Unfortunately for them, they are also among the most popular pet birds in Europe, the USA and the Middle East.
Here they are seen as an attractive pet due to their long life, ability to mimic human speech and overall intelligence.
Q1. How long do African grey parrots live?
Pet parrots live an average of 60 years, with some birds reaching 80 years old!
That is, the ones who survived capture in the wild. When caught they have a mortality rate of 66% before they even reach planes to ship them around the world.
Their capture in the wild is a traumatic process, using ground nets or glued tree branches.
Once caught, their flight feathers are chopped off and they are crammed into small crates with up to 60 other bleeding and terrified parrots for transport to collection centres.
Q2. Where do African grey parrots come from?
A wild parrot wakes high up in a tree in the lush forests of equatorial Africa, where they will fly distances of up to 6 to10 miles every day.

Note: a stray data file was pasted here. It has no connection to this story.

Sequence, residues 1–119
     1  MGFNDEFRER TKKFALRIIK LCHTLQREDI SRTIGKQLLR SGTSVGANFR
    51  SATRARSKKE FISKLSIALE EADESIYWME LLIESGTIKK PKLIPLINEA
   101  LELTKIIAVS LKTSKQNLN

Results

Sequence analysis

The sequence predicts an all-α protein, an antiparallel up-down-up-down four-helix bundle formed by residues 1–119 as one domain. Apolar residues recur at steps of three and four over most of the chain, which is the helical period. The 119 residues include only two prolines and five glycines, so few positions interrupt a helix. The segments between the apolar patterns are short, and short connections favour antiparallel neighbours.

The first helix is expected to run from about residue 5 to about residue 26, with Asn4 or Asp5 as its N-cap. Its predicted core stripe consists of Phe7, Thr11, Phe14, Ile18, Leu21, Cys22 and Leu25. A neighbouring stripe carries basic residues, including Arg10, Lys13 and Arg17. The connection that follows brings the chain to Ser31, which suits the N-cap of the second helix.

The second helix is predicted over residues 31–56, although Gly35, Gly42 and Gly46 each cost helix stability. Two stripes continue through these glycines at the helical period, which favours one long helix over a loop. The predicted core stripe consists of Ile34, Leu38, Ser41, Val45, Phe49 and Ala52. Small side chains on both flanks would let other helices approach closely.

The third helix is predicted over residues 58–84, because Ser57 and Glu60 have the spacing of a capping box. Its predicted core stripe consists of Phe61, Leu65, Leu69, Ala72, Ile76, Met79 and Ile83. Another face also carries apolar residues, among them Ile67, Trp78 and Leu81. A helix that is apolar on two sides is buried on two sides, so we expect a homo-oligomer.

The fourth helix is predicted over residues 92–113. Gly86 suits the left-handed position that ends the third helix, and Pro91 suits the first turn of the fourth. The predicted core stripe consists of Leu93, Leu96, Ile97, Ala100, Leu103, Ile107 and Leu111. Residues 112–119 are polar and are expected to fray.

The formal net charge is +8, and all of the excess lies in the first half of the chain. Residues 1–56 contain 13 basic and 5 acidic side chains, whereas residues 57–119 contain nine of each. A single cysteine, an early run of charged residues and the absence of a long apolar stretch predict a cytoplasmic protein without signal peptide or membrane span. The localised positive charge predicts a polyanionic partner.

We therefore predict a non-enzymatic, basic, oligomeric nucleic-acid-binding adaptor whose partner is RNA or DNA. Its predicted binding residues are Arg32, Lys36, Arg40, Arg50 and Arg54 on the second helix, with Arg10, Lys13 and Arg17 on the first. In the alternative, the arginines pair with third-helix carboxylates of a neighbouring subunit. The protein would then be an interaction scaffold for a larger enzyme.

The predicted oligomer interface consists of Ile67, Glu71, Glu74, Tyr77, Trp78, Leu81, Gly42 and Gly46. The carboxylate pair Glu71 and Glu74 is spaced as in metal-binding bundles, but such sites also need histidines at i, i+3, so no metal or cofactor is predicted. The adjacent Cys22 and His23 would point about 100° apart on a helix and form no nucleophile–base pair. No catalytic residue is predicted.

Contrast this with their life as a pet; where these highly intelligent and sociable birds are forced to live a solitary caged life.
Perhaps COVID-19 lockdowns gave you a taste of social isolation and its' negative mental and emotional impact?
Q3. How to know if your African grey is happy?
A good question many pet owners ask, unfortunately, it isn't happy in captivity.
In the wild, lifelong mates regularly groomed each other in displays of affection. In the wild, it lived in vibrant, stimulant-rich rain forests. In the wild, it socialised freely in flocks of other African greys. Then it was happy.
Many captive birds become so distressed and bored in their cage they rip out their own feathers, or exhibit other disturbing African grey behaviour.
So if you're asking yourself why is my parrot biting me all of a sudden? Perhaps you now understand their pain and frustration.
Illegal wildlife trade
Up to 21% of the wild population of African grey parrots is poached every year to supply the global illegal wildlife trade.
And in some areas, the decline in wild populations is down nearly 80% in the last 50 years.
Wild animals are sentient beings, and those caught in the wildlife trade experience pain and suffering from cruel capture methods and poor welfare standards during transit and in captivity.